Saturday, June 25th She Shreds will host a workshop in Portland, Oregon that will teach you how to set up and maintain your guitar. An essential follow-up to these lessons is the restoration process. Over time, you may have noticed that your guitar isn’t looking as bright and youthful as it once did. If you play regularly, it doesn’t take long for the natural oils and dirt from your hands to start to collect on your instrument. You’ll notice that the fretboard wood has started to look dry, grime is collecting around the frets, and the pickups don’t shine like they used to—it’s easy for these conditions to sneak up on you! With a little TLC and two to three hours to spare, your guitar can look as good as it did the day you bought it.
Why Should I Restore?
While restoring your guitar may seem purely aesthetic, maintaining the cleanliness of your instrument can greatly prolong its life. Guitars are primarily made from wood, which can dry and crack over time. Regular maintenance can keep the wood in the best shape possible and reduce the risk of discoloration and cracks. Keeping your frets free of corrosion will also keep your string bends nice and smooth.
When Should I Restore?
There is no hard and fast rule for how often you should clean and condition your guitar, and it depends on how often you play. A couple times a year is a good suggestion, and it’s easiest to do when you change your strings.
What You’ll Need + Instructions:
Duration: 2-3 hours
These instructions use Dunlop’s line of cleaning products. There are many product lines that offer great alternatives.
- New strings
- Painter’s tape
- 1-2 dry, lint-free cloths
- Nevr-dull (or other non-abrasive metal polish)
- Dunlop 01 Cleaner & Prep (not for use on maple fretboards)
- Dunlop 02 Deep Conditioner (or lemon oil) (not for use on maple fretboards)
- Dunlop Formula No. 65 Guitar Polish & Cleaner (not for use on unfinished wood)
- Dunlop Bodygloss 65 Cream of Carnauba (or 100% carnauba wax) (not for use on unfinished woods.)
** Tip! Take before and after photos! You’ll be amazed how nicely your guitar cleans up and you’ll want to show off your work!
1. Remove your guitar strings.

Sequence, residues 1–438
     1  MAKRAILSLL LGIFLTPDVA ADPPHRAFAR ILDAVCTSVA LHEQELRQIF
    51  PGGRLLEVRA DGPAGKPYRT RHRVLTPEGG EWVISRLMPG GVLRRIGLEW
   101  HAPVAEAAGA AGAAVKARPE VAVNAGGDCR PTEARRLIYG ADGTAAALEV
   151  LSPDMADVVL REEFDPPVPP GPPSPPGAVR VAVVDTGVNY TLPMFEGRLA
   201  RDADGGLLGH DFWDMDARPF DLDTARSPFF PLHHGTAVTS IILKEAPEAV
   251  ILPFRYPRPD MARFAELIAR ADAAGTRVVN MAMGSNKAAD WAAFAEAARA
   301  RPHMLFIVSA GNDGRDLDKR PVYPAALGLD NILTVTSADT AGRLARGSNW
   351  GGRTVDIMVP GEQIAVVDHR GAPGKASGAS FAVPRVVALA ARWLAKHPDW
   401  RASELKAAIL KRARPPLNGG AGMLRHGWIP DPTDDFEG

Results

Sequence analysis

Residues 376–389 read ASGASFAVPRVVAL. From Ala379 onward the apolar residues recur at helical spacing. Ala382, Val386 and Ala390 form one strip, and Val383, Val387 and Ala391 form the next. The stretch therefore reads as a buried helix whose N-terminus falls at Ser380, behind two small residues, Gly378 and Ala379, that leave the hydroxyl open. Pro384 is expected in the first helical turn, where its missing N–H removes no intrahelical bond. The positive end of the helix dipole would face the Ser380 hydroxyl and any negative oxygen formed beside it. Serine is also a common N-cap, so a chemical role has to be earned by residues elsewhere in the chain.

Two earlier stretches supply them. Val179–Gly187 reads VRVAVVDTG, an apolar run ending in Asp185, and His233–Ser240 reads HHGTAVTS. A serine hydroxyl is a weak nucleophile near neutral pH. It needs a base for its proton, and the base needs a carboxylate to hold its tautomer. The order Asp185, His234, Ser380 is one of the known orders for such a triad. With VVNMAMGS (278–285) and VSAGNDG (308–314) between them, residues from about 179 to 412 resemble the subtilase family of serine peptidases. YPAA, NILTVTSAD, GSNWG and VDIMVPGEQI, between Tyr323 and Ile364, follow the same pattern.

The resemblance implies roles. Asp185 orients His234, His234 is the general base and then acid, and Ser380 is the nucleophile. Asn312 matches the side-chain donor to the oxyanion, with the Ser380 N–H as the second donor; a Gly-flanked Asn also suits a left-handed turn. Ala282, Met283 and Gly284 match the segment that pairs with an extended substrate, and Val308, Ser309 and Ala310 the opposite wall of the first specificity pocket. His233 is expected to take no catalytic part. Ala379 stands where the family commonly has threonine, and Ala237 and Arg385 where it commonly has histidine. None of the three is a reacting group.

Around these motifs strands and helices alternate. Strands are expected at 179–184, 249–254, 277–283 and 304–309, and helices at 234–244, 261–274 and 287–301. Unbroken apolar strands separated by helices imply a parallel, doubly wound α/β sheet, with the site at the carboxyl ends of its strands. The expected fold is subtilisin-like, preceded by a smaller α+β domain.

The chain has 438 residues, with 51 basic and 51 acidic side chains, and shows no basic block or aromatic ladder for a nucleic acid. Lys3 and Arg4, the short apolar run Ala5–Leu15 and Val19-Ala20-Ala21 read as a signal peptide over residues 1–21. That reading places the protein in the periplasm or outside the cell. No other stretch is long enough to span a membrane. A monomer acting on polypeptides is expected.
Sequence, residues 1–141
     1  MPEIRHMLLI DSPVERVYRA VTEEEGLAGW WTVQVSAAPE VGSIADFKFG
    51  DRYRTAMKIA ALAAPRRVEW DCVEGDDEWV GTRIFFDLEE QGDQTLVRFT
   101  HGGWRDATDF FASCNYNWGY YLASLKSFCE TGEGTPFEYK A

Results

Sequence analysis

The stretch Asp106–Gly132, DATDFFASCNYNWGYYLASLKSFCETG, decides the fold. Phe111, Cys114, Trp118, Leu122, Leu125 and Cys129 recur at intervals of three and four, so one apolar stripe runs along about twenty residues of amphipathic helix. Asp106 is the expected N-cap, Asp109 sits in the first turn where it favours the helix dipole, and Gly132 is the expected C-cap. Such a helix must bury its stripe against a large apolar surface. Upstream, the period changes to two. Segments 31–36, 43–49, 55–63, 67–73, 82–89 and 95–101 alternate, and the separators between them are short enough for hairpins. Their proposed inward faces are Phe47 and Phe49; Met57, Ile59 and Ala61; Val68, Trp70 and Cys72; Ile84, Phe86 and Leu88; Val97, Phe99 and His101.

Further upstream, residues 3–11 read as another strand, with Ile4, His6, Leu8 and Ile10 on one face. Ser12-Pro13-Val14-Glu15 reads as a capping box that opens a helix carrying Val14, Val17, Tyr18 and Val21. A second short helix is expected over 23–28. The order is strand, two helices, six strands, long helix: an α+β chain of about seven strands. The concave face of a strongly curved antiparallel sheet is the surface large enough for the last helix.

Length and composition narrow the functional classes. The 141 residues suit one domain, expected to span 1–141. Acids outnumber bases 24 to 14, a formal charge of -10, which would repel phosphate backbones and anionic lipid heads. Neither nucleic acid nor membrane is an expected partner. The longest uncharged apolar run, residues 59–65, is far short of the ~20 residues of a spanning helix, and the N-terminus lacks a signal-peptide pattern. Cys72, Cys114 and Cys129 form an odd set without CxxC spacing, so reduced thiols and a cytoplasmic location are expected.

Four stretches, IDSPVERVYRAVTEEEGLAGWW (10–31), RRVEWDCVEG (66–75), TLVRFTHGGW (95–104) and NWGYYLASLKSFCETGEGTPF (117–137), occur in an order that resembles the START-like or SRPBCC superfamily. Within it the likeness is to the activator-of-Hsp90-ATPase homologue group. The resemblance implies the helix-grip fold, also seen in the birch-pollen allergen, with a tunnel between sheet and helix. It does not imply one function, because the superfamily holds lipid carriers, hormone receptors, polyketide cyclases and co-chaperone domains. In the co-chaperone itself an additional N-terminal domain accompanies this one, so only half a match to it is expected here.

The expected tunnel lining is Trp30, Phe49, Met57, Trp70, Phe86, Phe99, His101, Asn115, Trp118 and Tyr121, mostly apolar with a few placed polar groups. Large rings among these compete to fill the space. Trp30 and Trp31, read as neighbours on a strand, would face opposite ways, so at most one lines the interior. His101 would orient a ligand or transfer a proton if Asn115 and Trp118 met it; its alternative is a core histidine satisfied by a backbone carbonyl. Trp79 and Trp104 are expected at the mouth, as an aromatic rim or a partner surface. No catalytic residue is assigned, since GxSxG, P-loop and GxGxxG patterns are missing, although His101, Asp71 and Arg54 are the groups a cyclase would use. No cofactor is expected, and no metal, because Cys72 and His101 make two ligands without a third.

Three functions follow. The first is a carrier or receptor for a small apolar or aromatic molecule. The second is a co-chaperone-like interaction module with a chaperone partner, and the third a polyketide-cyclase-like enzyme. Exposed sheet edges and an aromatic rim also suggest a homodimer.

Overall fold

2. Tape the fretboard with painter’s tape leaving the frets exposed, but fully covering the wood to protect it while you polish the frets. This can get tough on the high frets once the tape is wider than the space between the frets. If the tape is too wide, cut it in half lengthwise to fit.
** Tip! Before you start taping across the fretboard, put a strip of tape along each side of the neck from the headstock to the body. When you remove the tape later, you can start from this long strip of tape and remove it all at once!
3. Rub the frets and other metal material (tuning knobs, pickup covers, etc) with a small wad of Nevr-dull to remove corrosion. Once applied, polish off with a dry, lint-free cloth.
4. Carefully remove the painter’s tape.
For Finished Wood Fretboards (e.g. Maple)
1. Gently wipe down the fretboard with a clean, damp cloth.
For Unfinished Wood Fretboards (e.g. Rosewood)
** These steps will make a HUGE difference in the beauty of your guitar!
1. Apply Dunlop 01 Cleaner & Prep to a dry, lint-free cloth and use it to gently clean the fretboard. You may need to do this a few times in heavily soiled areas (e.g. right around the frets).
2. Using the dry, lint-free cloth, apply Dunlop 02 Deep Conditioner to the fretboard. After applying to the entire fretboard, wipe away the excess oil with another dry end of the cloth.
Guitar Body Cleaning
If your guitar has a glossy finish:
1. Apply Dunlop Formula No. 65 Guitar Polish & Cleaner to a dry, lint-free cloth and gently wipe down the body, back of neck, and headstock of your guitar.** Tip! A little bit goes a long way! Don’t over apply as it can become difficult to remove if applied in excess.
2. Apply a small amount of carnauba wax to a dry, lint-free cloth and apply to the guitar finish in small circular motions.
3. Allow the wax to dry. This usually takes about 30 seconds.
4. Remove the wax with a dry, lint-free cloth by polishing in a circular motion.
5. Install new strings.